- Sutter Health, a nonprofit provider with 24 hospitals, 34 surgery centers, and over 5,000 physicians in northern California, is set to stand trial in a class-action lawsuit accusing Sutter of violating state antitrust laws. State Attorney General Xavier Becerra has joined 1,500 California self-insured employers and employer trusts in accusing the system of illegally using its dominance to overcharge for services.
- The case concerns allegations Sutter engaged in contracting practices with health insurers and employers in a manner preventing them from offering consumers lower-cost options. One claim is that Sutter imposed “all or nothing” contracting terms, meaning insurers and employers had to contract with all Sutter hospitals or none at all.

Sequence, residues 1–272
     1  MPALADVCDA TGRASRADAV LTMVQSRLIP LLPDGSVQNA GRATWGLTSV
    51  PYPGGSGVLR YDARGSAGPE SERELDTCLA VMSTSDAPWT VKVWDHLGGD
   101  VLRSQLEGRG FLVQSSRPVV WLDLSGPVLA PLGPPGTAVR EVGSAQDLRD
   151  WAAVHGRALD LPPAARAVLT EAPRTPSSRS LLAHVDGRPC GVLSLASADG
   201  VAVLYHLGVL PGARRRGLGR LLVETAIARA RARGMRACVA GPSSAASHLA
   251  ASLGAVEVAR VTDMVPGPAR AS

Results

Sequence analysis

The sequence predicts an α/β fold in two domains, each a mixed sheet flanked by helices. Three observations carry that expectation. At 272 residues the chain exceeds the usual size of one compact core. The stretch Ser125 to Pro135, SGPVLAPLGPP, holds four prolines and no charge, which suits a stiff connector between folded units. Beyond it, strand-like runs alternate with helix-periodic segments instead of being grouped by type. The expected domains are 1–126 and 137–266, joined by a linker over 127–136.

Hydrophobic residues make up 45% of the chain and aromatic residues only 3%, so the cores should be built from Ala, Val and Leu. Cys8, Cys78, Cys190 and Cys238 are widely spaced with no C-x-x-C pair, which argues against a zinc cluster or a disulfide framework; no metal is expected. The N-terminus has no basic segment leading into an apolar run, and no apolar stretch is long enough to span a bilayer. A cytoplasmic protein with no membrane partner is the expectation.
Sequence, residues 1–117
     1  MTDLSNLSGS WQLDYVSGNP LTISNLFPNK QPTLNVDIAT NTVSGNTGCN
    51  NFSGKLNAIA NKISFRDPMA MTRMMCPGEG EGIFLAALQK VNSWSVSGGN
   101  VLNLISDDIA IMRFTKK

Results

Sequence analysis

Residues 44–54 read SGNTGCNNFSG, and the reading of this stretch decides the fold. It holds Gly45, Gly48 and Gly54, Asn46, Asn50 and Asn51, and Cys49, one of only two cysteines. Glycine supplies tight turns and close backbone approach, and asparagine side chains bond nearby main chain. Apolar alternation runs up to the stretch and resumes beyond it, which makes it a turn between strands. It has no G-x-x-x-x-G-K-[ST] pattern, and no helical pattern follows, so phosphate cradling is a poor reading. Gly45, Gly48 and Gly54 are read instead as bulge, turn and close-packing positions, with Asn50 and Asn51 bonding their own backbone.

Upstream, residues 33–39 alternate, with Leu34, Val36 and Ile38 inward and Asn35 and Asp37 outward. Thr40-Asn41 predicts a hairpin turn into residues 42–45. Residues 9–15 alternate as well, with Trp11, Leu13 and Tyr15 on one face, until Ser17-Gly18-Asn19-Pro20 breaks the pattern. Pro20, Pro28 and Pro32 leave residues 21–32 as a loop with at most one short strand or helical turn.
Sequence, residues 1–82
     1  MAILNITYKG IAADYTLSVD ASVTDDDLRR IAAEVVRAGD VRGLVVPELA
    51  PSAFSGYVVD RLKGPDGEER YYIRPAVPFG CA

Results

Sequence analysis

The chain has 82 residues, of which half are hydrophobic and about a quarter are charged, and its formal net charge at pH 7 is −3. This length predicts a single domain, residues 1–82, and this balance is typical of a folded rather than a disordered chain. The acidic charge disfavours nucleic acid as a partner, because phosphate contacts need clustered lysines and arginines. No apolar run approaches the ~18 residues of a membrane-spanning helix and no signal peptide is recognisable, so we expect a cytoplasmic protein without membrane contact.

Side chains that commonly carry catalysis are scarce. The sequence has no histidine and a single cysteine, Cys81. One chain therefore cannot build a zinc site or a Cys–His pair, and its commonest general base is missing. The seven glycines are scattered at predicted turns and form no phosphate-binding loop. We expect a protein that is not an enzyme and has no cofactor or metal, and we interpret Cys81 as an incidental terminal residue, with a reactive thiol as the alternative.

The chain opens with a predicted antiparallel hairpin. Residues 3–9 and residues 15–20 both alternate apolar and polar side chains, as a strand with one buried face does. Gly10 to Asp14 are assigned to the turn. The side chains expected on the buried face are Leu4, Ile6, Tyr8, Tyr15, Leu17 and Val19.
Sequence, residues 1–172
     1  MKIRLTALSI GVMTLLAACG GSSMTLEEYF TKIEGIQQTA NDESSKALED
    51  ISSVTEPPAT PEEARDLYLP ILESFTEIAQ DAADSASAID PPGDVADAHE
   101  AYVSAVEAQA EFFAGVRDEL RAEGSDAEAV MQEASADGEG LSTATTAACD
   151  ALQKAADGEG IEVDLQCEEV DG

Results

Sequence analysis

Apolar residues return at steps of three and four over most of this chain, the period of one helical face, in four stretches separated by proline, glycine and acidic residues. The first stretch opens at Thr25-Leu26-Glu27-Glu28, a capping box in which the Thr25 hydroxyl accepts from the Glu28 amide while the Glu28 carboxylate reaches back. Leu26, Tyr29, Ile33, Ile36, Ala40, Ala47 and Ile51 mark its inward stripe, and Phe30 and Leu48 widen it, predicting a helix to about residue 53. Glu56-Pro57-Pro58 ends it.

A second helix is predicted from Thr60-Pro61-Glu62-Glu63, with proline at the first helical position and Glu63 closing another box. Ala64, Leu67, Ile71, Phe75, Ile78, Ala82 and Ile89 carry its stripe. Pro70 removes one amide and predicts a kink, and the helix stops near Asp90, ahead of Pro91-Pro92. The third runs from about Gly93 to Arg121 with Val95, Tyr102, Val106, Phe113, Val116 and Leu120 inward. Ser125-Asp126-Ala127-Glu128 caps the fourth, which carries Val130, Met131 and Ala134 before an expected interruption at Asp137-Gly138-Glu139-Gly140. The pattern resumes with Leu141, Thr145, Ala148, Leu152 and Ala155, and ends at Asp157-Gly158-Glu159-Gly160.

- According to a Sutter spokesperson, “The lawsuit wrongly blames Sutter’s integrated network for higher health care prices. While insurance companies want to sell narrow networks to employers, integrated networks like Sutter’s benefit patient care and experience, which lead to greater patient choice… Sutter is disappointed that insurance companies and the state of California ignore these realities.”
- The lawsuit is seeking at least $500 million in damages, although antitrust violations may result in treble damages, meaning Sutter could be liable for as much as $1.5 billion. The trial is set to open on September 23.
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